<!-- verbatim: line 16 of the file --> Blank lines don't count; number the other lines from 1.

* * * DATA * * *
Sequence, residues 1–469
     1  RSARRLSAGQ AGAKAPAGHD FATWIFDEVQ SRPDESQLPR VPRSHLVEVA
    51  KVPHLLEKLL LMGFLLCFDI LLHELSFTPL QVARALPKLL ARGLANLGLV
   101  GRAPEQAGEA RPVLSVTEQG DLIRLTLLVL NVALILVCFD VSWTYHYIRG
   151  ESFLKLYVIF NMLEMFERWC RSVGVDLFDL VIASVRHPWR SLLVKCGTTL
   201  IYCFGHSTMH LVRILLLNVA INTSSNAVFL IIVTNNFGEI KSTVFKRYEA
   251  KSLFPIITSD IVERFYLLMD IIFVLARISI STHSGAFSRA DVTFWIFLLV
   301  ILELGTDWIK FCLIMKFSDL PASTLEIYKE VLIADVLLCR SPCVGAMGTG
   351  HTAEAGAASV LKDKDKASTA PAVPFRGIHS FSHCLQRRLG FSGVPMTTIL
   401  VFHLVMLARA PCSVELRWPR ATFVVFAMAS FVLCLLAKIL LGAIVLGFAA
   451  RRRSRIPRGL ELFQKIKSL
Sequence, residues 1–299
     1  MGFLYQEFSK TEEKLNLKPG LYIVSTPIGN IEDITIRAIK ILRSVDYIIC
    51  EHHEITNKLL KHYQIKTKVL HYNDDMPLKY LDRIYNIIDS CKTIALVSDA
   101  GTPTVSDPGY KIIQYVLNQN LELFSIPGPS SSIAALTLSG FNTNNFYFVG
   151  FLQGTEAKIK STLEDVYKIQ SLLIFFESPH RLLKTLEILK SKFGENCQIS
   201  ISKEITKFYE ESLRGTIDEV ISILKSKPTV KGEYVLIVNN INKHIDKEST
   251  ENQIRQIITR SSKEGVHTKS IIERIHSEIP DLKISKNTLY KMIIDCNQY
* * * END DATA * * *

   151  FLQGTEAKIK STLEDVYKIQ SLLIFFESPH RLLKTLEILK SKFGENCQIS